Historical and Commemorative Medals
Collection of Benjamin Weiss

NOTRE DAME AT TONGEREN

WIENER, Jacques and Leopold: Belgium, 1846, Bronze, 50 mm
Obv: View of exterior    FONDEE PAR ST MATERNE, AGRANDIE PAR ST SERVAIS, DEVASTEE PAR LE HUNS, RETABLIE PAR LE DUC OGER SOUS CHARLEMAGNE 799, CONSACREE PAR LEON III LE 9 MAI 804, RECONSTRUITE 1240, RESTAUREE 1846.
Exergue: EGLISE NOTRE DAME A TONGRES
Rev: View of interior
Signed: J. ET L. WIENER FEC. 1846
Ref: Van Hoydonck 16;  Reinecke 14; Weiss BW235

Tongeren (Tongres, in French) is the oldest  town in Belgium, situated about 50 miles east of Brussels.  In Roman times, it bore the name of Atuatuca Tungrorum and was the chief town of Civitas Tungrorum, an administrative subdivision of the province of Germanie Inférieure.  Under the threat of the franques and Germanic invasions,  the city was strengthened, and in the 4th century it was chosen by Saint Servais as the seat of a diocese. In Carolingian times, a monastery was set up there, and in 980 the emperor gave it to the bishop of Liege. An early  chapter of Notre Dame appears at the end of the 11th century when it replaced the carolingian monastery.  In the 13th century new ramparts were constructed and the church of Notre Dame at Tongeren was rebuilt in the Gothic style.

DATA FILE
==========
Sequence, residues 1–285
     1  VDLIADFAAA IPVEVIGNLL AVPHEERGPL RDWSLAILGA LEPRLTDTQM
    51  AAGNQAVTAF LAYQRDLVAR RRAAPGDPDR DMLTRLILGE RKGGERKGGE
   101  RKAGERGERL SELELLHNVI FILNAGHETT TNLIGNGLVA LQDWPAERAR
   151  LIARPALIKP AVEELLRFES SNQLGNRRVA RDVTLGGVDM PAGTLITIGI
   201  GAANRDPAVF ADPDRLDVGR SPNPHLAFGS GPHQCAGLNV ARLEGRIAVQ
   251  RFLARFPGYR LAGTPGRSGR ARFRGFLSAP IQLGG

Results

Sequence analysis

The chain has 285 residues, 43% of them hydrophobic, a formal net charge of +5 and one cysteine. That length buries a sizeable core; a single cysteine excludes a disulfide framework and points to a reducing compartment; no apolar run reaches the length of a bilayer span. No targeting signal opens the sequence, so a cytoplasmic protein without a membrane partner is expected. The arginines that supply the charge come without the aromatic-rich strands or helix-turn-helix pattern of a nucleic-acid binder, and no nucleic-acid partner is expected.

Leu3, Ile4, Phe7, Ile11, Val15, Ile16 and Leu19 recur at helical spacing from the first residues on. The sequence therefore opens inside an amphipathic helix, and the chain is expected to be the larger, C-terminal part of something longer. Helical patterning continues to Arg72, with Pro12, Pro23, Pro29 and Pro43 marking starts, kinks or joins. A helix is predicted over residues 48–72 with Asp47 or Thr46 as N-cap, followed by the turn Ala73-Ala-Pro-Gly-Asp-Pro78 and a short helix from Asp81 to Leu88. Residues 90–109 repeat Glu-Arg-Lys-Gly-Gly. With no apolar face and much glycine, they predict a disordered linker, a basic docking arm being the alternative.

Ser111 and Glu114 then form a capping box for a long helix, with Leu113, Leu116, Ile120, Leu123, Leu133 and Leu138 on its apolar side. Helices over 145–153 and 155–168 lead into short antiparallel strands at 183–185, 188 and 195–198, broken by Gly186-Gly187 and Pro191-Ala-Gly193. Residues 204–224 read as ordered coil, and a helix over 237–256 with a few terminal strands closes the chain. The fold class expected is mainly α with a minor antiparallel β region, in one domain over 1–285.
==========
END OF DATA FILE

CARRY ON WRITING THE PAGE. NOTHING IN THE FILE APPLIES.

The Notre Dame (Our-Lady) at Tongeren, built from 1240 to 1541 is known for its 12th century statue of Christ.  It also has a Roman cloister dating from the middle of the 12th century and contains some of the richest collections of treasures in Belgium.

Now, Tongeren is a small quiet city, which is a far cry from the metropolis the Romans wanted it to be. This ancient  city has escaped from the modern ravages of the 20th century  and  still has a historical and architectural inheritance of  incomparable richness and  value.

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